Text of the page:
Store-Wide vs. Specific Product
A store-wide coupon will almost always perform better than a discount on a particular item. This is because it’s rare, if not impossible, to find an item that will appeal to every potential shopper.
There are some situations, however, where specific product discounts can be beneficial. Here are some examples:
- Personalized Marketing. Jeremy Levi told us about one particularly succesfull coupon campaign at MarsMedSupply.com: New customers were offered a discount on a belt that treats back pain. If they made the purchase, a follow up email offered coupons for more products that treat back pain.
Because the first product signaled the customers niche, Levi could follow it up with a personalized message about treating back pain. Being highly relevant to the audience, and because additional discounts were offered, this resulted in a high retention rate for MarsMedSupply.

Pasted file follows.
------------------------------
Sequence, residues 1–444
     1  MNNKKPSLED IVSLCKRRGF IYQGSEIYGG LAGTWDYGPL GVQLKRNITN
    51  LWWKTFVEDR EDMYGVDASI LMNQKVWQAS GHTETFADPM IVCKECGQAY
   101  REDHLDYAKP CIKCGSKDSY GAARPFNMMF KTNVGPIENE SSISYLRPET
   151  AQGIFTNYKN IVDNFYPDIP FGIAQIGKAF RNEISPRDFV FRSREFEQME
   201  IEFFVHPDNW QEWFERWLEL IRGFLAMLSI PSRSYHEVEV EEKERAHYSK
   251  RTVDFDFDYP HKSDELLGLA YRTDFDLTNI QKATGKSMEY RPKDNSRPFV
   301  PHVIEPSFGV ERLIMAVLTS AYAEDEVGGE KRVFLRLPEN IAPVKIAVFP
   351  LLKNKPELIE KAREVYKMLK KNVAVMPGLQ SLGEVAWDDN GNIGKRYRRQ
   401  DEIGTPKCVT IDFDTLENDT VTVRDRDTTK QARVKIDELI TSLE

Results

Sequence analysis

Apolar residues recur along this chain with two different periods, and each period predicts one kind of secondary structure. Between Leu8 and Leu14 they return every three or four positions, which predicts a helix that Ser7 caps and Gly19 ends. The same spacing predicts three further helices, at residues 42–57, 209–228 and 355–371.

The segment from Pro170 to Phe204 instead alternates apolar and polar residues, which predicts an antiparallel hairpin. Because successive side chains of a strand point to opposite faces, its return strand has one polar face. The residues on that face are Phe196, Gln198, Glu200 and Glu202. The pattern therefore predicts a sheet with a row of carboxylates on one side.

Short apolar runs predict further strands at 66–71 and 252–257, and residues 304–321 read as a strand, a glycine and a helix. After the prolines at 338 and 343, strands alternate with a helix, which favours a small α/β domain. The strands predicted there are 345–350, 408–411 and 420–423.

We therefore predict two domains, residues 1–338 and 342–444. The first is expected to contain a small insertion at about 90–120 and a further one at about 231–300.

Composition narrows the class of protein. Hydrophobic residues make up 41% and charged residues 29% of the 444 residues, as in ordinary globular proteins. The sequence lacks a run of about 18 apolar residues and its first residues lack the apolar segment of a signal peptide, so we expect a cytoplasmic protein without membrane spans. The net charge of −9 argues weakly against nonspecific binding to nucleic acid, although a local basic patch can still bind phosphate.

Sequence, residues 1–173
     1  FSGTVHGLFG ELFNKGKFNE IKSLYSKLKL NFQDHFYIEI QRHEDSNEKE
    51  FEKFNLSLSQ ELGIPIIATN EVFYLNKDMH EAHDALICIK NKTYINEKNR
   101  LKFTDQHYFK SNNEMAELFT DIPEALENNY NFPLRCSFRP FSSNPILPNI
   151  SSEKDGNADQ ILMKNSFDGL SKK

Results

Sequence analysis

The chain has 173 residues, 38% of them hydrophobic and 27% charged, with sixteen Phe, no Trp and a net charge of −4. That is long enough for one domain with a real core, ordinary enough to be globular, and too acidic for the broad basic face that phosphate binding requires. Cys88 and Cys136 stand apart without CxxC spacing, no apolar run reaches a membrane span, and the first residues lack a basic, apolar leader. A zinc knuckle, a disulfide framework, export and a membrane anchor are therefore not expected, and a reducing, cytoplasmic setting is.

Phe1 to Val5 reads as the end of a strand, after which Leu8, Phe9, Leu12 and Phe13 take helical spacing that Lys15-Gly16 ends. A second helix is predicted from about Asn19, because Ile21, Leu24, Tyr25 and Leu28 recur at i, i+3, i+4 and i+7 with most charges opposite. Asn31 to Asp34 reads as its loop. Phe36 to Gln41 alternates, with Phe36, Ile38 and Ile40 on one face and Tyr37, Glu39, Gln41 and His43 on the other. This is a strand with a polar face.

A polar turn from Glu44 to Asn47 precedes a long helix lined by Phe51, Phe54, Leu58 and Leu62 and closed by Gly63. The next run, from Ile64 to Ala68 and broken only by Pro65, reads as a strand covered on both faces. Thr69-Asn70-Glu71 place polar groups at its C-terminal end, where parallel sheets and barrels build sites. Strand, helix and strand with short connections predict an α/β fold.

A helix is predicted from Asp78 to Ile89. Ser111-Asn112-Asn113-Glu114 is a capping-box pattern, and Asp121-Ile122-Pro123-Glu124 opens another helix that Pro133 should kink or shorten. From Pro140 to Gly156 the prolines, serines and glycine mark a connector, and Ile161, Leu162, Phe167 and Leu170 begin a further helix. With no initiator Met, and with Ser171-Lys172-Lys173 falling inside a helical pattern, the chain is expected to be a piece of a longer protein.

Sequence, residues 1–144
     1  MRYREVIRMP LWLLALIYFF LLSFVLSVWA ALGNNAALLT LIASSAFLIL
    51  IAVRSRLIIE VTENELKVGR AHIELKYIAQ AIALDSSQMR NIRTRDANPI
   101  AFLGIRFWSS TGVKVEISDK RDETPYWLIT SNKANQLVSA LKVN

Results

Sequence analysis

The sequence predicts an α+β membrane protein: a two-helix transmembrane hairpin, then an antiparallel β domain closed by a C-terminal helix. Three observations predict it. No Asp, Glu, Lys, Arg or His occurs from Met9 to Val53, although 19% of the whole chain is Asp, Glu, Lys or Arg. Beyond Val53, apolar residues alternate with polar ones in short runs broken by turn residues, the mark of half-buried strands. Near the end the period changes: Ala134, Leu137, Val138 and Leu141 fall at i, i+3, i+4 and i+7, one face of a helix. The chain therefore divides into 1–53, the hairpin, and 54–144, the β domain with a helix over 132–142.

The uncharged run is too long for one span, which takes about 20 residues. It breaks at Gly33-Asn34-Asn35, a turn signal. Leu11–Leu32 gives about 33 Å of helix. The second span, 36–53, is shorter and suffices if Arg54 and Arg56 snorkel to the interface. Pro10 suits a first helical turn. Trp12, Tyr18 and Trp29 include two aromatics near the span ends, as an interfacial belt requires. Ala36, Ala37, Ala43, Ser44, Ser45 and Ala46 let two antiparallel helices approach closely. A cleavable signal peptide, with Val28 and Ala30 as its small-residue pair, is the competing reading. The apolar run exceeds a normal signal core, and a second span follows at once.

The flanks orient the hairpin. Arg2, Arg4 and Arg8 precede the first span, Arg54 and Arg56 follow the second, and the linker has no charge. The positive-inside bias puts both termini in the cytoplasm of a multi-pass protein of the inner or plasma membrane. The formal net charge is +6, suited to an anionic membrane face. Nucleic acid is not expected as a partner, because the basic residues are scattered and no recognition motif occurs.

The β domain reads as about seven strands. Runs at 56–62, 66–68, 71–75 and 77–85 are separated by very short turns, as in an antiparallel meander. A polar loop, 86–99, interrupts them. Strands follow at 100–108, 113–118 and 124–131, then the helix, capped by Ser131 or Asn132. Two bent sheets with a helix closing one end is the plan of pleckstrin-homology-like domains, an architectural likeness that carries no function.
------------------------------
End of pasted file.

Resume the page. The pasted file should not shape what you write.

- Clearance Items. Clearing out stock in your backroom? Before you put that item on sale, consider offering the discount as a coupon. A sale will get it off your shelf, but a coupon could potentially bring in new customers.
How to Write a Coupon
Writing the coupon itself is a very simple process. Whether your coupon will be printed, emailed or distributed to online, the coupon should contain 4 parts:
Here’s how you should write each part:
Your title should be short and simple. Mike Catania recommends using two words: “[Your Discount] OFF.” For example, “$10 OFF” or “25% OFF.”
You should use this formula whether your discount is store-wide or for a particular product. The body is the place to explain what exactly the discount is for, as well as other terms and conditions. The title, on the other hand, should be kept as simple.